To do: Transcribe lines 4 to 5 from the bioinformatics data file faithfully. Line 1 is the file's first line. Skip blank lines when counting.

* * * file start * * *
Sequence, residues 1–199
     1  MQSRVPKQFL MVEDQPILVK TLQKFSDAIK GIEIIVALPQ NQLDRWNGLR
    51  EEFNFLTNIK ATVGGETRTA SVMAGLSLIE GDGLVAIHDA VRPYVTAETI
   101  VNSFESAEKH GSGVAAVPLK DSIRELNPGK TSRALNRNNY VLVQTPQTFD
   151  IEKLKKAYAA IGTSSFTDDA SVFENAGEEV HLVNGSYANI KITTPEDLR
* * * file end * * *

   101  VNSFESAEKH GSGVAAVPLK DSIRELNPGK TSRALNRNNY VLVQTPQTFD
   151  IEKLKKAYAA IGTSSFTDDA SVFENAGEEV HLVNGSYANI KITTPEDLR